Revascularization through multiple bur holes and arachnoid openings was performed in 14 children (mean age at diagnosis 6.5 years [range 3–15 years]) who suffered from progressive moyamoya disease. The authors performed surgery in a total of 24 hemispheres during 18 procedures. Ten children underwent bilateral multiple bur hole procedures, three underwent a unilateral procedure in the more severely affected hemisphere, and one child had previously undergone an encephaloduroarteriomyosynangiosis on the contralateral side. Ten to 24 bur holes were made in the frontotemporoparietooccipital area of each hemisphere, depending on the site and extent of the disease. Early postoperative perfusion magnetic resonance imaging studies, performed in the five most recent cases, showed restoration of cortical perfusion as early as 3 months, which was confirmed on subsequent angiography studies (performed between 8 and 12 months postoperatively) that showed excellent revascularization of the ischemic brain by external carotid artery collateral vessels. None of the children sustained further ischemic attacks postoperatively. Motor improvement was noted in those who had presented with paresis. A single seizure episode occurred in two patients at 2 weeks and 5 months after surgery; both children had presented with epilepsy. There were no postoperative deaths, and only one complication (an infected lumbar shunt in the patient who required cerebrospinal fluid [CSF] drainage). Five of the 18 procedures were complicated by subcutaneous CSF collections, which resolved with tapping and compressive head dressings; a transient lumbar drain was necessary in one case.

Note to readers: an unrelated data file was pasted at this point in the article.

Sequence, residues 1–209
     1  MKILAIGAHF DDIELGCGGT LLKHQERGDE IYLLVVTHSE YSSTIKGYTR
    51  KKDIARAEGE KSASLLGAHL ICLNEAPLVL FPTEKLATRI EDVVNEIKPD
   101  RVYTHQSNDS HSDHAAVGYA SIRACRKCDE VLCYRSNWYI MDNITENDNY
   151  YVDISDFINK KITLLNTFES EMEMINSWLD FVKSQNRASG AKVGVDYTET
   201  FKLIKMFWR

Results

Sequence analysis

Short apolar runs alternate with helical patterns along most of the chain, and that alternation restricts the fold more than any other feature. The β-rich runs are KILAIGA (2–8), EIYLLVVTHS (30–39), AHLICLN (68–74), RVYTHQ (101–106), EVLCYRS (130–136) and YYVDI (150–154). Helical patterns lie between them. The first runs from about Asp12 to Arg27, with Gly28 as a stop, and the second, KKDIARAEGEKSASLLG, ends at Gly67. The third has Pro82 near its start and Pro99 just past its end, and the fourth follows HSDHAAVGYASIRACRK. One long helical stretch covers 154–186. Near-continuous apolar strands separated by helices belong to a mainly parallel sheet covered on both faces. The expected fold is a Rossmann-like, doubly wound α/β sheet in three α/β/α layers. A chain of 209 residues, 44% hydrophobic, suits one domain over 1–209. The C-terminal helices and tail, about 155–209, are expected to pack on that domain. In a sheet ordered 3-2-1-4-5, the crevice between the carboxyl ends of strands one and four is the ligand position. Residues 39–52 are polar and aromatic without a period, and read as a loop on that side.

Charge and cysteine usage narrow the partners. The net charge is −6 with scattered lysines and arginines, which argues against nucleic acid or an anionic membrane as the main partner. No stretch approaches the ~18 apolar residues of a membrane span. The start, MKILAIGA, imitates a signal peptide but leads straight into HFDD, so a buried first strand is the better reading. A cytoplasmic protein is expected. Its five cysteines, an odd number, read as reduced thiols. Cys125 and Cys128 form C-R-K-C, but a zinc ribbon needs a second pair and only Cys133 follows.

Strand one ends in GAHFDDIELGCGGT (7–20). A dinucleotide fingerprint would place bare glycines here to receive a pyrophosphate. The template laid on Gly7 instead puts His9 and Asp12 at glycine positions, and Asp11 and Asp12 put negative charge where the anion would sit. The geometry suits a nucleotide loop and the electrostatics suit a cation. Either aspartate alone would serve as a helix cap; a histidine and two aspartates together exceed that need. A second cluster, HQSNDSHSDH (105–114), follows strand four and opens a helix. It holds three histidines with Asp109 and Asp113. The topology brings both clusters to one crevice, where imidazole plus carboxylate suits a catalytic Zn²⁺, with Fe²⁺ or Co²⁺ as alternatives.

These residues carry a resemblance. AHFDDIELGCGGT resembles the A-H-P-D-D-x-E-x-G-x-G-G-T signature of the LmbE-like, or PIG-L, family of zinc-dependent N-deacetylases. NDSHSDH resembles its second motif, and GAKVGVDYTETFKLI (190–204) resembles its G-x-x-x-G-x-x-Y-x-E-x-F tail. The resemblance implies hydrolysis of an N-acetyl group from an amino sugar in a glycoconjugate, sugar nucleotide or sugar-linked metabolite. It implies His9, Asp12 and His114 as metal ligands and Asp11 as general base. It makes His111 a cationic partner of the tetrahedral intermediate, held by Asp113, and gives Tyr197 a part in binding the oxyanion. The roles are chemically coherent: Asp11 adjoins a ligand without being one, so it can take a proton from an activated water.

The results obtained in this series suggest that in children with moyamoya disease this simple technique is both effective and safe. Furthermore, it is effective as a sole treatment without supplementary revascularization procedures.
Federico Di Rocco, Matthew R. Garnett, Stephanie Puget, Francisco Pueyerredon, Thomas Roujeau, Francis Jaubert and Christian Sainte-Rose
✓Rosai–Dorfman disease (RDD) is a rare idiopathic histiocytic disorder that only occasionally involves the central nervous system (CNS). Previous cases of RDD involving the CNS were generally seen in adults. Pediatric cases of RDD are rare, and the disease in these cases typically has an indolent clinical course. In this report, the authors describe a pediatric case of intracranial RDD with rapid clinical and radiological progression.